That was the outcome of the monetary policy announcement of the FOMC yesterday, the group of the governors of the Federal Reserve, keeping the rate unchanged at 0-0.25 per cent, where it has been for six years. But while a rate change wasn’t expected, that word—”patient”—was a key flag for analysts looking for signs of exactly when a rate hike could come, and how fast.
The announcement, which included some careful wording on waiting to see where the economic data goes, weakened the dollar and gave a boost for markets. This morning, European indexes are hitting a 15-year high, even as a meeting by European leaders and some Greece-Germany head-butting looms. The TSX also got a 60-point boost yesterday, with the loonie gaining from the dollar’s sudden slump, closing the day a cent and a half up and almost touching the 80-cent mark.
Oil is starting the day about a dollar higher than it did yesterday, above $43, but a Fed-induced bump in oil prices yesterday is also quickly wearing off as supply stays high. More bad news for corporate Calgary: After Nexon and Talisman announced they would cut hundreds of jobs, ConocoPhillips said they would cut about 200 jobs. Thousands of jobs have already been lost in the Alberta oil patch since oil began to drop, with most of those cuts in field jobs.
EU leaders are meeting in Brussels today, with hopes progress could be made on the Greek Question, but otherwise, the calendar is fairly quiet. Apple will officially become part of the Dow Jones Industrial Index, and the U.S. will release their latest current account deficit numbers. Switzerland’s central bank also announced this morning they kept their negative interest rate steady at -0.75 per cent, despite saying the “safe haven” currency was still overpriced. But Sweden is still going, with the Riksbank cutting the rate to -0.25 per cent and extending a bond-buying program to try to stave off deflation.
The Fed’s no longer “patient.” In the lead-up to the announcement, the dollar had been on a steamrolling rise (as the euro had been sinking lower and lower) as investors anticipated they would soon be getting higher interest rates. That drop proved to be short-lived, as the dollar erases those losses today, but the sudden drop showed a rather evasive turn from chair Janet Yellen on when the rate hike could actually come. Her message: we’re removing “patient,” but don’t mistake that for being in a hurry. A hike is “unlikely” at the April meeting, she said, and a hike thereafter would depend on how the economy seems to be doing, with more room for the economy to grow now that they’re seeing a slight “moderation” in the pace of employment. Is any of this earth-shattering news? No. Commence speculating, again.
Target is making creditors (even) angrier. The chain is going to get a $1.6-billion rebate in U.S. taxes after closing down operations in Canada, and it’s not clear that money will be passed on to a coterie of very unhappy creditors, who are owed about $400 million for goods provided in the lead-up to the closure. Target had promised $3.1 billion of its debt would go toward repaying creditors, but the debate heated up further over revelations that the biggest creditor is in fact a property company that Target created, which has a claim for $1.9 billion, diluting the credit available to pharmacists and baby goods suppliers.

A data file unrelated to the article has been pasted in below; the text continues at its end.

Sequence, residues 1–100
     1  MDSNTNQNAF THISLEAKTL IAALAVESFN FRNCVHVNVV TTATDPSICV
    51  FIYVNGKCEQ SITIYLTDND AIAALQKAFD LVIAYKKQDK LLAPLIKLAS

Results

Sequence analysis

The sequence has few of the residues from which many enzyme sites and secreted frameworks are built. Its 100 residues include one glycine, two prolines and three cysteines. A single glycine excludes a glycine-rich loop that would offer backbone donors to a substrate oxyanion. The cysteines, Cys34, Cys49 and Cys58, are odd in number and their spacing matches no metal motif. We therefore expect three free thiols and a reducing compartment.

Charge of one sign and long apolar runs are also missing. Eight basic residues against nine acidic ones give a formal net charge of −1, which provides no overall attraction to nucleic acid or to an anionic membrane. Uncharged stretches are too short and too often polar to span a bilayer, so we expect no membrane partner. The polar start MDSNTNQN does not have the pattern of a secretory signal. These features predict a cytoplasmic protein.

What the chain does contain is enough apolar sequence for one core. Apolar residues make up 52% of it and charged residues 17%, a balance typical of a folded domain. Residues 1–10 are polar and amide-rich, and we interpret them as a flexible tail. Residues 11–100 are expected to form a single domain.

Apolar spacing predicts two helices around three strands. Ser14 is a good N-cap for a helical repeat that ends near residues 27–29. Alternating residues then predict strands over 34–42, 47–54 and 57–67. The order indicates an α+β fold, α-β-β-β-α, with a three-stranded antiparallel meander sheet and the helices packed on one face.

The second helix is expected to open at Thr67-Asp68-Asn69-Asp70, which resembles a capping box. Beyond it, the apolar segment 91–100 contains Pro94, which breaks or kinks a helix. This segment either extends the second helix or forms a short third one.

The world according to the OECD: a boost for the world, a cut for Canada. The organization’s latest semi-annual forecast gave Canada a downgrade, saying growth would be expected to hit 2.2 per cent this year, down from 2.6 per cent, and also bringing down next year’s forecast by 0.3 per cent, to 2.1 per cent. The cuts were on the basis of oil prices, which have fallen by around a third since the last forecast. But what was a drag for Canadian growth is a boon for the rest of the world, with the OECD bumping up the forecasts for global growth, including updating the eurozone’s tepid growth (which, at 1.4 per cent this year, is still less than Canada’s), and forecasting higher growth for France and Italy. India, too, got a significant boost—it’s now expected to grow faster than China this year. But the organization did leave some room for criticism, saying countries were relying too heavily on central bank monetary policy—where, in many western countries, hyper-low rates leave their hands somewhat tied anyways—and that they should start focusing more on structural reform. In other words: fewer Band-Aids, more surgery.
Investing in the Kardashians. Sovereign bonds are known for their silly, often stereotypical names, from Yankee bonds to Samurai bonds to China’s dim sum bonds. Kim Kardashian has lots of nicknames, too, none of which I will repeat here. But the two have joined in sovereign-bond harmony as American’s most famous Armenian has become a (likely unwelcome) namesake for Armenia’s sovereign bonds (FT attributes the coining to a Wall Street Journal story), just as they prepare to release a half-billion-dollar 10-year bond. Sorry, Armenia.
Need to know:
TSX: 14,962.24 (+63.71), Wednesday
Loonie: 79.55 (+1.28), Wedneday
Oil (WTI): $43.24, Thursday (7:00 a.m.)